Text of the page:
[Station at St. Mary Major’s.]
The spring Ember Week coincides with the first week of Lent. It was instituted for the purpose of consecrating to God the new season (of Spring), and by fasting and prayer to draw down Heavenly graces on those who on Saturday are to receive the Sacrament of Holy Orders.
The Station on this day was always held at St. Mary Major, the greatest and most illustrious of the Roman churches consecrated to the Mother of God. The Gospel also alludes to Our Lady. The two lessons, the second of which is read as an Epistle, tell of Moses and Elias, who before seeing the glory of the Lord fasted forty days and forty nights.
Moses and Elias fast for forty days and forty nights, because God bids them come near to Him. Man must purify himself, he must unburden himself, in some measure at least, of the body which weighs him down, if he would enter into communication with Him who is the Spirit. And yet the vision of God granted to these two holy personages was very imperfect: they felt that God was near them, but they beheld not His glory. But when the fullness of time came (Gal. iv. 4), God manifested Himself in the flesh: and man saw, and heard, and touched Him. (1 St. John i. 1) We, indeed, are not of the number of those favored ones who lived with Jesus, the Word of life; but in the holy Eucharist He allows us to do more than see Him: He enters into our breasts, He is our food. The humblest member of the Church possesses God more fully than either Moses on Sinai, or Elias on Horeb. We cannot, therefore, be surprised that the Church, in order to fit us for this favor at the Easter solemnity, bids us go through a preparation of forty days, though its severity is not to be compared with the rigid fast which Moses and Elias had to observe as the condition of receiving what God promised them.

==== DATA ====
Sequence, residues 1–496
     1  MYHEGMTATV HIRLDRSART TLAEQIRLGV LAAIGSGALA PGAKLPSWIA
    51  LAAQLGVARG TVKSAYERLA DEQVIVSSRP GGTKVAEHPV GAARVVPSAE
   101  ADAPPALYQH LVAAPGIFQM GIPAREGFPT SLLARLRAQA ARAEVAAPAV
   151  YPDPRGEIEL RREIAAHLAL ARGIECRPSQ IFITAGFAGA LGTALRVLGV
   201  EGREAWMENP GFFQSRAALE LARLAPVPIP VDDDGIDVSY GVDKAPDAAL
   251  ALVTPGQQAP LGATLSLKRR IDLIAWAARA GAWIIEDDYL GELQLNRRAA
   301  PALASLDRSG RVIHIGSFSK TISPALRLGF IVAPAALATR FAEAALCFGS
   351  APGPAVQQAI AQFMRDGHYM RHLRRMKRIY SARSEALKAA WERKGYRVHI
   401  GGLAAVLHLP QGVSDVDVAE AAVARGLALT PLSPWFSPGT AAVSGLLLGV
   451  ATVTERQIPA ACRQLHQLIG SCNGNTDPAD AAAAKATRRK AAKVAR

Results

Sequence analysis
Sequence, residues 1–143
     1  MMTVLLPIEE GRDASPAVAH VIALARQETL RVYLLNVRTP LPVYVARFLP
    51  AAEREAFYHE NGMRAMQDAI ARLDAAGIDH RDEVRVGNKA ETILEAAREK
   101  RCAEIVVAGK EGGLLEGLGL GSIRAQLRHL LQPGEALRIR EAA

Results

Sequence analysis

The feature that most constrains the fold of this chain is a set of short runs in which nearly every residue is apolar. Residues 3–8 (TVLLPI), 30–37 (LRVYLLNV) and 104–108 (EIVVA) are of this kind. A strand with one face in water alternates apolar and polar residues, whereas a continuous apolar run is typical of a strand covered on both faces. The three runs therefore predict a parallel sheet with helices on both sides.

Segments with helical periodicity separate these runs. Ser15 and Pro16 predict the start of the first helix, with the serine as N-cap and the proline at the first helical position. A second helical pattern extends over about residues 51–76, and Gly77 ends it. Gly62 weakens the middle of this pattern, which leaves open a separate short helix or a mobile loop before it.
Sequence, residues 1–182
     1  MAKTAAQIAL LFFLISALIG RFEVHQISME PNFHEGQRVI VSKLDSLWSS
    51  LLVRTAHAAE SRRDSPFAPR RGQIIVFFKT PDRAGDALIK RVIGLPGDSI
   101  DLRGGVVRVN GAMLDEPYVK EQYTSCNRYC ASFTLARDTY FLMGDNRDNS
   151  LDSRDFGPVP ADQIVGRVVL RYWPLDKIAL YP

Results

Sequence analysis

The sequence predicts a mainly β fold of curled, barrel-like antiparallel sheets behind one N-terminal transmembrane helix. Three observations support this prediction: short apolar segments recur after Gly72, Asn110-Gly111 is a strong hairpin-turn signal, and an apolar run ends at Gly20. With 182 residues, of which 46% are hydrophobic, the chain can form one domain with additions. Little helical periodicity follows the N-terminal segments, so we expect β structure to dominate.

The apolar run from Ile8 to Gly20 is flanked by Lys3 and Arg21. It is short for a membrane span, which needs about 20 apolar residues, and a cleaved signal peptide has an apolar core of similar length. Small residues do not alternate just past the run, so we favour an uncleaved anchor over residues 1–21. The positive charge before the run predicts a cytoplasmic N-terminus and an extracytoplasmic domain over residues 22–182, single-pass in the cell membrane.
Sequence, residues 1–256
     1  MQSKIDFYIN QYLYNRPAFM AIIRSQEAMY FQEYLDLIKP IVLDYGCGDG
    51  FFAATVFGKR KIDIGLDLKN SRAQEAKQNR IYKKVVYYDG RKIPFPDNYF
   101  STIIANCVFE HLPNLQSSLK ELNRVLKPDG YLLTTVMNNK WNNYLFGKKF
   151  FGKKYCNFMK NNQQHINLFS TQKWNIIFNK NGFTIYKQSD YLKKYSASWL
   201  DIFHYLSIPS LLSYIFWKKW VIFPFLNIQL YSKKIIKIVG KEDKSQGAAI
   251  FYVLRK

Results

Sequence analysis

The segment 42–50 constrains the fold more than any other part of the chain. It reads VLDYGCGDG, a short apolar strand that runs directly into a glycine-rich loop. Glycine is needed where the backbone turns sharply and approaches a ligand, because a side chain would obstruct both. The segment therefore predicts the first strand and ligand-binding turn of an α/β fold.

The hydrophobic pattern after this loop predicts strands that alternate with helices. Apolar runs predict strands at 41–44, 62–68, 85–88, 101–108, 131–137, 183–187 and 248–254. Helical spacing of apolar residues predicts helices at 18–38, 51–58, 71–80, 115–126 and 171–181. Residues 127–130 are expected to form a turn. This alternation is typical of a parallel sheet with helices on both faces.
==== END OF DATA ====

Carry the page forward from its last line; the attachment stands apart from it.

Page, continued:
From The Liturgical Year, by Dom Prosper Gueranger
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